I have changed, evolved, softened over the years but one of the core elements that has shaped my perspectives and activities that has not shifted is that it is what has taken place in history that shapes a geography. The connection between history and what we see is very strong. This is the case at a personal level. Visit a counselor and they will wish to uncover what has taken place earlier in one’s life to help discover the factors that shape responses and beliefs. What is true at a personal level is true corporately. From John 7 to 10 we read of Jesus in Jerusalem. Those four chapters will be in contrast to the final 3 verses of chapter 10 that I will quote in a short while. In Jerusalem, the ‘holy’ city that was there to be the place where salvation entered for the world, the response to Jesus was all-but exclusively to reject him. Only once or twice do we get a hesitant ‘maybe he could be the Messiah’, and certainly not from the powers that be. We read:
- Jesus has a demon (7:20; 8:52; 10:20)
- they tried to arrest him (7:30, 44; 10:39)
- no prophet arises from Galilee (7:52)
- questioned his legitimacy (8:39)
- they declare he is not a Jew but a Samaritan (8:48)
- pick up stones to kill him (8:59; 10:31)
- he is not from God (9:16)
- he is a sinner (9:24)
Not exactly welcoming him with open arms! The contrast of the four chapters to the final three verses is immense, with even the slow build up over the chapters to leave us with a clear picture that he is overwhelmingly rejected underlining in a few words what took place in a different geography:
He went away again, across the Jordan, to the place, where John was batptising earlier, and he remained there. Many came to him , and they were saying, ‘John performed no sign, but everything that John said about this man was true.’ And many believed in him there.
Geography, geography, geography. It is hard to put together so few words and to emphasise geography so many times:
- He went away
- across the Jordan
- to the place
- he remained there
- many came
- believed in him there
The emphasis on locality is unmistaken. And tucked in those verses is one reference to history: the place where John had been baptising earlier. The geography is different spiritually to Jerusalem. Earlier in Jerusalem it had been the city that stones and kills the prophets. That shaped the geography. It is the centre not of holiness, but of demonic bondage of a particular type. Across the Jordan has been exposed to the open confession and a baptism for the forgiveness of sins.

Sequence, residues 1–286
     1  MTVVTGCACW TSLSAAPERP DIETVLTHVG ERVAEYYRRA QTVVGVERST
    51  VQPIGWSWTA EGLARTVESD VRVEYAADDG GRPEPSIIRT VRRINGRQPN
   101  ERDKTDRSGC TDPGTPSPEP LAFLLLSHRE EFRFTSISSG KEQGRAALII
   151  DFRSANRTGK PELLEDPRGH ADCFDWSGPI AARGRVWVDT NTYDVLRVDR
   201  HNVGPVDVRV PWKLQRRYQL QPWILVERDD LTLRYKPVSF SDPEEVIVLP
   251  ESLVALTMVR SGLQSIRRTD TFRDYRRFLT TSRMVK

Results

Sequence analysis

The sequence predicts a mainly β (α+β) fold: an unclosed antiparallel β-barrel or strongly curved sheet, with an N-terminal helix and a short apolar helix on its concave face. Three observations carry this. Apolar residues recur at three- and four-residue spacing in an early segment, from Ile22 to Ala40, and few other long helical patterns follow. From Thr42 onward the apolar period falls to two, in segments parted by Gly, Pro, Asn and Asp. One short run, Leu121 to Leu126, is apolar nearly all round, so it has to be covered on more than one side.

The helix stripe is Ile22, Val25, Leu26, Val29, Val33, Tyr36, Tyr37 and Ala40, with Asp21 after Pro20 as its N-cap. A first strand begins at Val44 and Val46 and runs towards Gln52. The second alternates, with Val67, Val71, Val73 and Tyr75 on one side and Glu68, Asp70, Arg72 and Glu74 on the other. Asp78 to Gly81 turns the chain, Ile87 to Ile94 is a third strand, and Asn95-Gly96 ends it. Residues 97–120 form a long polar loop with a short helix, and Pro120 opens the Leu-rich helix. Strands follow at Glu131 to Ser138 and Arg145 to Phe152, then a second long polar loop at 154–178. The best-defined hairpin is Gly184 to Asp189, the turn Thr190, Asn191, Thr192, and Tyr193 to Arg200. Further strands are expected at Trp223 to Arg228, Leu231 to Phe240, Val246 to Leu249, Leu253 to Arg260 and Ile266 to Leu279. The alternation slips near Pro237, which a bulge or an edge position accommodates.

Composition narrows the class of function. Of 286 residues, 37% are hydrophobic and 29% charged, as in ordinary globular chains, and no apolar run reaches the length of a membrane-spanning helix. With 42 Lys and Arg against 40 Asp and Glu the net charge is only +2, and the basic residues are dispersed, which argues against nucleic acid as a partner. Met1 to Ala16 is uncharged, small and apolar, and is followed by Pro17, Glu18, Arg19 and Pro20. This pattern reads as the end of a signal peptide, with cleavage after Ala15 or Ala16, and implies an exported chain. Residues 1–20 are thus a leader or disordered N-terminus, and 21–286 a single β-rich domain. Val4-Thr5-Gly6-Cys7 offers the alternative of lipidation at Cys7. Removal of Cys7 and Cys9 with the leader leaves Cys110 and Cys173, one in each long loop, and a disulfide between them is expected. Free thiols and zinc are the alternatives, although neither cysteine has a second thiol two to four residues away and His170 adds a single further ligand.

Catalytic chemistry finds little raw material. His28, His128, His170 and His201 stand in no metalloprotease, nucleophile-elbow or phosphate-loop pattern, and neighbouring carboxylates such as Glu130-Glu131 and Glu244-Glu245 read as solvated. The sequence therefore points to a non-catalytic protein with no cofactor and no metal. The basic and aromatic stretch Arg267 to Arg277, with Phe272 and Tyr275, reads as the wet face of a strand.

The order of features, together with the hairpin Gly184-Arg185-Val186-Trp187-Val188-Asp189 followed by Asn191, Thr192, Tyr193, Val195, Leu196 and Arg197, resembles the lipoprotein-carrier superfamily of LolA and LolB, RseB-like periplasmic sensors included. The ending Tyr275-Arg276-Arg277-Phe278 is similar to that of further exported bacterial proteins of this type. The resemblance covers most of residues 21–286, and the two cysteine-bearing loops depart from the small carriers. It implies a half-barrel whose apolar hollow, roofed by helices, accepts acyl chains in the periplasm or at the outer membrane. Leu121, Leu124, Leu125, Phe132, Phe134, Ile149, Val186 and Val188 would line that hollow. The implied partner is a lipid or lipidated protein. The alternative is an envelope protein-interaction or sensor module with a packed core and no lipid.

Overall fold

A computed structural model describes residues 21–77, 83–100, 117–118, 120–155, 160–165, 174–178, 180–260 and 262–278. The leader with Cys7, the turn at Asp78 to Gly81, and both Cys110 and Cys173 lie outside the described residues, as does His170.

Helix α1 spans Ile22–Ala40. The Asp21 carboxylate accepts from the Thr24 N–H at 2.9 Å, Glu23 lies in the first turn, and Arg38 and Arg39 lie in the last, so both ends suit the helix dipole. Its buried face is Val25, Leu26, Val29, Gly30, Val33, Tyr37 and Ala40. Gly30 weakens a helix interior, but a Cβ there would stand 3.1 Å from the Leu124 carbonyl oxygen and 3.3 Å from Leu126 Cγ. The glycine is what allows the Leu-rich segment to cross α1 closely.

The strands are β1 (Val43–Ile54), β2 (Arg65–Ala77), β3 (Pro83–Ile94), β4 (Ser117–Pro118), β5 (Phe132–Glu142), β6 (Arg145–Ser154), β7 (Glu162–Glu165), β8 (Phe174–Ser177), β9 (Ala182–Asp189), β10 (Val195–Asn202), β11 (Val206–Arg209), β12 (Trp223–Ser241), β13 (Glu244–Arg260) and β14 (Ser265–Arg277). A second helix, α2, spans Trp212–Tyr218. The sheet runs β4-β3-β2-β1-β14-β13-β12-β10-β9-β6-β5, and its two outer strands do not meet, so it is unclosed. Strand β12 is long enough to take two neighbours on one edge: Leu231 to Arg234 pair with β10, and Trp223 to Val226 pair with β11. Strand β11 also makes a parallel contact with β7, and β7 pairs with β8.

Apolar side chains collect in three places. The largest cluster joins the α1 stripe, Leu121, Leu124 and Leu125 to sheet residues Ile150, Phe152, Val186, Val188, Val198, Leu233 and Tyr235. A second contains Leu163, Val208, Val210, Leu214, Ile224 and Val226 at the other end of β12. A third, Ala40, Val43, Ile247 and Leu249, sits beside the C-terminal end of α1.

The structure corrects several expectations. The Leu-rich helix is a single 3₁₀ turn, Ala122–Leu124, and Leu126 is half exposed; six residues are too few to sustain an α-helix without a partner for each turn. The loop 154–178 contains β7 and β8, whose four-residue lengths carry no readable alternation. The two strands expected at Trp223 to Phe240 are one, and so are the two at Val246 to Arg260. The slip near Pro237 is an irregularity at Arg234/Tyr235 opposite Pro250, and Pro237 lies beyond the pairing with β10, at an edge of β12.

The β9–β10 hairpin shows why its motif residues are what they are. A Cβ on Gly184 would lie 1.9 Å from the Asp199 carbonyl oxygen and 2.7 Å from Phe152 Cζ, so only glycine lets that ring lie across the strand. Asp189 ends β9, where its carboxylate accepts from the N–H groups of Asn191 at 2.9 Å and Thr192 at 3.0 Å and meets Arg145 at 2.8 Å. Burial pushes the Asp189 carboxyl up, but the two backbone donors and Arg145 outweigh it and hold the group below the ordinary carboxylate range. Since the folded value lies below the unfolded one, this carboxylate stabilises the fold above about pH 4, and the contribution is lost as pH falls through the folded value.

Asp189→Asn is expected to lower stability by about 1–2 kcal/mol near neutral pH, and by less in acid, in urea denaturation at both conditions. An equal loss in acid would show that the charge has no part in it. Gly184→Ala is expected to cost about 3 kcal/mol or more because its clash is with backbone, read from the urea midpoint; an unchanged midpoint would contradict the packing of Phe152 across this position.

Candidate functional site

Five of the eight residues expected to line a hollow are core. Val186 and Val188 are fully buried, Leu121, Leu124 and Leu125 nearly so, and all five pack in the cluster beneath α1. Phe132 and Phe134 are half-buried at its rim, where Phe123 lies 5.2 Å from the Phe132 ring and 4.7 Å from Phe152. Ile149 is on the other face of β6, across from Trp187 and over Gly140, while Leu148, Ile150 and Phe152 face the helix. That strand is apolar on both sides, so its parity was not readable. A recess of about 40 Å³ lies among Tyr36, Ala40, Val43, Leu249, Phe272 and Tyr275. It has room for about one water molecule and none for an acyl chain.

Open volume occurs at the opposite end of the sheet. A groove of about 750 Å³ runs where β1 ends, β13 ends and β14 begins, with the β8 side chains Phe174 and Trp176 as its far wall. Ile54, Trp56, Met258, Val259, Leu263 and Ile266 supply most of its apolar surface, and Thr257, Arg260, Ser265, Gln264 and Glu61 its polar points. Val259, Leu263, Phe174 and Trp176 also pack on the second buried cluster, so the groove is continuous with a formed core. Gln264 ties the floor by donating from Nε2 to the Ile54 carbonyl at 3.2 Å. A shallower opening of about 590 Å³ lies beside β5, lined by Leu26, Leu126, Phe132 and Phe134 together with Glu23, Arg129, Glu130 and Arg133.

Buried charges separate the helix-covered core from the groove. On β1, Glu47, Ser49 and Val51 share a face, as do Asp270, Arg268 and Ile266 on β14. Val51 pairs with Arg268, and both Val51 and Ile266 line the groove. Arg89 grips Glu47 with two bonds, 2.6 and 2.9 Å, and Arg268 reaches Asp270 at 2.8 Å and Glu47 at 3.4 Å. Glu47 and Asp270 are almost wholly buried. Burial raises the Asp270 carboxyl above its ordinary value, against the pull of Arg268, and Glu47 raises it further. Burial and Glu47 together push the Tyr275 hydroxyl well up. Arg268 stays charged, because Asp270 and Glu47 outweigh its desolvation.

History shapes the geography.
In the same way that if we understand where a person has come from, what they have experienced we will often understand why they have made the choices they have made so if we understand the history of a geography we will often realise why it manifests in the way it does. The outcome, both at a personal level and at a corporate level, might not be predetermined (there are choices) but the bias toward, and many times the direct outcome, can be seen as a result of the history.
Of this I have certainly not changed at all. I am as strongly believing this today as any time in the past 20 years. I have also seen too many shifts take place when tackling some of the historical aspects. Bloodshed, divisions, wrong alliances, changing of boundaries, enslavement and the like all sow into the land, and what is sown will produce fruit.
I might add to this that I am more convinced now than 20 years ago that the Bible does not outline in some predetermined way the future (antiChrist, Armageddon and such) so am a strong believer we can, and are called to, shape the future. I resist the idea that we are to counteract what appears as a threat (Islam and the like) to our so-called ‘Christian’ freedoms with a militant response. Indeed such responses, for me, are fuel that increases the division and strength of what is feared!
I don’t think on this one that I have changed. It shapes so much of what Gayle and I focus on. We have sought out geographies, we have walked streets because of this passionate belief, and in our time in Spain on every aspect (bar one to date) of where we have gone to pray with respect to history there has been some direct sign that has occurred subsequently. Many times in the pubic arena, on TV or in the newspapers. And on the one, as far as I can recollect, that has not seemingly produced a direct sign, I don’t think we are finished with that one yet!
Yes Scotty still believes this. But there have been evolutions. Evolutions tend not to mark right angle changes of direction, but of development.